A chance encounter between Adam Sandler and Dan Patrick at a Knicks game led to decades of friendship and collaboration.
Beginning with “The Waterboy” in 1998, Patrick — the iconic sportscaster who was a fixture at ESPN and later hosted NBC’s “Sunday Night Football” coverage — has appeared in more than 10 of Sandler’s movies.
The run, as Patrick recalls, actually began over an apparent snub from his former “SportsCenter” co-host, Keith Olbermann.
Patrick explained that he had “kind of known” Sandler “on the periphery”, and that Olbermann was supposed to have been cast in the broadcasting role in “Happy Gilmore” that was ultimately played by Verne Lundquist.
After exchanging brief pleasantries at halftime of a Knicks game, Sandler told Patrick, “Your boy — he screwed me over!”
When Sandler told him that Olbermann was supposed to be in “Happy Gilmore”, Patrick responded, “Well, the next time you need someone from ESPN, I’m your guy.”
“You’re in my next movie,” Patrick remembers Sandler replying. “You’re Danny McF–king Patrick, and you’re gonna wear a mustache and be a police officer.”
Patrick spoke to The Post to promote the book that he co-authored with longtime “Simpsons” writer Joel H. Cohen.
The book is entitled “The Occasionally Accurate Annals of Football”, and it’s a humorous look at the history and some of the quirks of what has become our national sport.
Patrick played himself in “The Waterboy”, narrating a “SportsCenter” feature on Sandler’s Bobby Boucher character, and would take on the cop character in Sandler’s 2005 remake of “The Longest Yard”.
“As Rob Schneider said, once you’re in the Sandler family, you never get out,” Patrick said.
“He’s so loyal. That’s really how it started. He would have me do cameos, but basically he would have me come in so he could have somebody to play basketball with, and he would write a part in the movie for me and bring me in for a couple of days. It’s crazy.
“He’s so much fun to work with because he wants everybody to have a good time. He’s been way too generous.”
Patrick has been on-air nationally since he joined ESPN in 1989, but the Sandler appearances have opened up a whole new world in terms of who he gets recognized by on the street.
“Those movies had a cycle through, and now you have younger kids who are watching those movies for the first time. If it’s younger people, they might notice me as the school principal from ‘Hubie Halloween’, so it’s fun,” Patrick said.
“His deal with Netflix means all his movies are available, and people will recite lines to me that I had.”
The roles have ranged from cameos to fairly larger spots, such as when Patrick played Tanner Patrick in the 2011 movie “Just Go With It”.
“That’s when I started to panic a little bit, because normally you’re on-stage with people that you know from being around Sandler and his movies, but Jennifer Anniston and Nicole Kidman had no idea who I was — other than they knew I wasn’t an actor after a little while,” Patrick laughed.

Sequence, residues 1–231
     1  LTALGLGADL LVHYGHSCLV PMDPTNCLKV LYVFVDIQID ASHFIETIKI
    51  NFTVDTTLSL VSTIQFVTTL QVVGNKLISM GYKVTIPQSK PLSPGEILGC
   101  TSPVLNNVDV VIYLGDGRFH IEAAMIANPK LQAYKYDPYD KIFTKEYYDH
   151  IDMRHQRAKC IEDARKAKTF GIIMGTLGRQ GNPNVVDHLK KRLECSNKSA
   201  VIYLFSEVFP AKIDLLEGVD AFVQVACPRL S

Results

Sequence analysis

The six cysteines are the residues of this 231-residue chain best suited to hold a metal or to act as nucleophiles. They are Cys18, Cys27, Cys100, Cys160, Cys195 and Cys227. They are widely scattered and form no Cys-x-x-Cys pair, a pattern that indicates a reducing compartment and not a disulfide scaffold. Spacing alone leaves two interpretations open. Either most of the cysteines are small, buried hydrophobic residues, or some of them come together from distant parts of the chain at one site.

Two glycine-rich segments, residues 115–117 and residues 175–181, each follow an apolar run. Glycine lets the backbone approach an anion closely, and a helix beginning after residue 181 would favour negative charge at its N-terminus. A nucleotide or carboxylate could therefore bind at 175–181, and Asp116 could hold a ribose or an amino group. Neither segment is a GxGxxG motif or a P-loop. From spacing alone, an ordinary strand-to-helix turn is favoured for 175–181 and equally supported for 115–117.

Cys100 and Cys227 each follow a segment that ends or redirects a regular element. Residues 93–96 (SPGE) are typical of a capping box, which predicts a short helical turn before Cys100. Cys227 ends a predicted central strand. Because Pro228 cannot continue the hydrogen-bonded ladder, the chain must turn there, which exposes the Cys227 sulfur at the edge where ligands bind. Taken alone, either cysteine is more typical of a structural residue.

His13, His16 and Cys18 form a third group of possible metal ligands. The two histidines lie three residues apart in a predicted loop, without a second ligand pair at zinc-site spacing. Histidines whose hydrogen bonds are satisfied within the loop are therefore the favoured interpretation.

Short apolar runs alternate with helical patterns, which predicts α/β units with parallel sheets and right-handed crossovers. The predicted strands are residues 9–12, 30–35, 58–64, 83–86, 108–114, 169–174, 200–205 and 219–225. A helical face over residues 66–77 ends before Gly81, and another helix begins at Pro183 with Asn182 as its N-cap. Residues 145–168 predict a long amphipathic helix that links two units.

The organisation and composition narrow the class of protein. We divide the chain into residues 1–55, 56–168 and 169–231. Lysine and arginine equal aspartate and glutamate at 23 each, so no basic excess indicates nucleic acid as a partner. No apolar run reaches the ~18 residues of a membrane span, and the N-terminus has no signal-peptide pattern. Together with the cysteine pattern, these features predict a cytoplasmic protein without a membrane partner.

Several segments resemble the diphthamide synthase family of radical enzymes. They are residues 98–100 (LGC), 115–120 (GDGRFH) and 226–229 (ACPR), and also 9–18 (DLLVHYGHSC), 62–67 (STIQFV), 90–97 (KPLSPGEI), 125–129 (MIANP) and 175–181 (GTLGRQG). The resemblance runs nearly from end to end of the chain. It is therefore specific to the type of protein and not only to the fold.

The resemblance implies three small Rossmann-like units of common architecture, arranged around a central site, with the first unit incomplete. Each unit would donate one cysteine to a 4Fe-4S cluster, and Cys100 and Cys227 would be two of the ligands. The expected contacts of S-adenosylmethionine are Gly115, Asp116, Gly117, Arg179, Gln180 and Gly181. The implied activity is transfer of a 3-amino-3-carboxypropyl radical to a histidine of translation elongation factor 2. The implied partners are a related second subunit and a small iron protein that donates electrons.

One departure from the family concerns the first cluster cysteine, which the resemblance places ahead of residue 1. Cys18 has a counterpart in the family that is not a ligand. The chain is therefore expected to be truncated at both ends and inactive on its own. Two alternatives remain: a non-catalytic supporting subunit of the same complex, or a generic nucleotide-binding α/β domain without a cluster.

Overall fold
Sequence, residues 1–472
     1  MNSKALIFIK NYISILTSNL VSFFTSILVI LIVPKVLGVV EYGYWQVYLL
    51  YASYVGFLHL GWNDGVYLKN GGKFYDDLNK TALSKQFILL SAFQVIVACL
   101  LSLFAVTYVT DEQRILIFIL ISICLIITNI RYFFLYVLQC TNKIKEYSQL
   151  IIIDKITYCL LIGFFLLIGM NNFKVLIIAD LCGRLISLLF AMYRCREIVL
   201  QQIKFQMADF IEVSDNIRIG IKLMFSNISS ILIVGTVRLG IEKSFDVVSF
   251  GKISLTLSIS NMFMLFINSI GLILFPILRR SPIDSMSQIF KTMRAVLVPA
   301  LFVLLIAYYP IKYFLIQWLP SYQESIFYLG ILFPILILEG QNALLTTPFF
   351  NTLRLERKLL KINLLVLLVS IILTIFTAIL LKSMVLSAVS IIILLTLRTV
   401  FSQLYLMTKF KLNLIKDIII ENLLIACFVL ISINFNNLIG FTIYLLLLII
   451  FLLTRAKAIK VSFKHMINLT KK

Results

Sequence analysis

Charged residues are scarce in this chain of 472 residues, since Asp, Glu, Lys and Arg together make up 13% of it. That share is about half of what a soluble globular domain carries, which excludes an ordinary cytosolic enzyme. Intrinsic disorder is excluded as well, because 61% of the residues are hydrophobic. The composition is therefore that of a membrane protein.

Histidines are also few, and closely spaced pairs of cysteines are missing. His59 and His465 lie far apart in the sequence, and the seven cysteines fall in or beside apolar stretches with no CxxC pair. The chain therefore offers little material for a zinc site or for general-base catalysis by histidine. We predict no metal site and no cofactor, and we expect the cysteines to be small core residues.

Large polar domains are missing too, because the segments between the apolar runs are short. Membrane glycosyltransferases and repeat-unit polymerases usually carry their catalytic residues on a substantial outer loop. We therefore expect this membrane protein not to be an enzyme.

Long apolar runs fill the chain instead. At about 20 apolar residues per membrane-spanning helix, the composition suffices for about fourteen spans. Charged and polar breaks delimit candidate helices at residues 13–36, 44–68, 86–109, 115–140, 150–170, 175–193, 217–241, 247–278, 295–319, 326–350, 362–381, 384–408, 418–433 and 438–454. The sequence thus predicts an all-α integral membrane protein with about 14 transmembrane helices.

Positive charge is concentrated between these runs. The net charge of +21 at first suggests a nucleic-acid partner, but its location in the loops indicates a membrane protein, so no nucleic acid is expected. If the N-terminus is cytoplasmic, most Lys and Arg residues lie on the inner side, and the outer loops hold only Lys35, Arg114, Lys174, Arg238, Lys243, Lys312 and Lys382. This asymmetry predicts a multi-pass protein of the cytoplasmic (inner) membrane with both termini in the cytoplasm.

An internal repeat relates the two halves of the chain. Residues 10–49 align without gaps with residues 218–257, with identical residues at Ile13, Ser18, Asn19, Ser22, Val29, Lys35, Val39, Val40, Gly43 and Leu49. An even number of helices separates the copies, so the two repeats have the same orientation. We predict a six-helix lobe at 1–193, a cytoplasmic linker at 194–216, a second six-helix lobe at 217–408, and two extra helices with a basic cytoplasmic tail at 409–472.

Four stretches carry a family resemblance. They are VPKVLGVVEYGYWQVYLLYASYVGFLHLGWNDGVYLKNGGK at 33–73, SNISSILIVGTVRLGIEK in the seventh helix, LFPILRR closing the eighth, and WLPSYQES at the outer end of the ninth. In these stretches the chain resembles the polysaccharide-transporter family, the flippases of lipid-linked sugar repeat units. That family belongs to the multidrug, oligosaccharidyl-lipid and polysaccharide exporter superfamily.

“I was trying to stall them to not realize that I couldn’t act until it was too late, and then they couldn’t complain to Sandler. That was challenging. That was when I was like, ‘Damn this is real.’ Nicole Kidman is a serious actress. Anniston had fun. She just kept calling me ‘the sports guy’”.
Patrick, by virtue of having been famous for as long as he has, has naturally attracted other stars into his orbit.
Will Ferrell got in contact with him, as a fan of the “Dan Patrick Show”.
“He would email me notes,” Patrick said.
“He’d be listening in the morning, and he would just throw out a line about something, if I had a question, or whatever it might be.”
At one point, maybe a decade ago, Patrick mused that he wanted to eventually take the show to Dublin.
Ferrell emailed him that he was in if that ever happened, and wound up paying his own way to join the program when they went to Ireland for the Notre Dame-Navy game this past summer.
Joel H. Cohen, who has been writing “Simpsons” episodes for over 20 years, reached out to Patrick and asked him to appear in an episode calling a rock-skipping contest with Homer.
On the same call, Cohen was emphatic that Mark Sanchez was not to blame for the infamous “butt fumble” play, and that it was actually the offensive line’s fault.
“We sort of played this verbal tennis match with ideas or thoughts. It wasn’t going anywhere in my mind — he just wanted to talk sports,” Patrick said.
“And then he goes, ‘You want to write a book?’”
Patrick gave a hesitant “Sure” and Cohen clarified that he meant for them to write a book together.
“He goes, ‘Can we look at all these stupid things that have happened in football, or have fun with this? Like every book has to do with gladiators or what the game is like or building men. Why don’t we have fun with it?’”
Patrick still didn’t think it would go much further than a perfunctory Zoom call, but found him to be an “extremely, funny, sharp guy” that he ultimately wound up partnering on with a “whimsical” look at the game of football.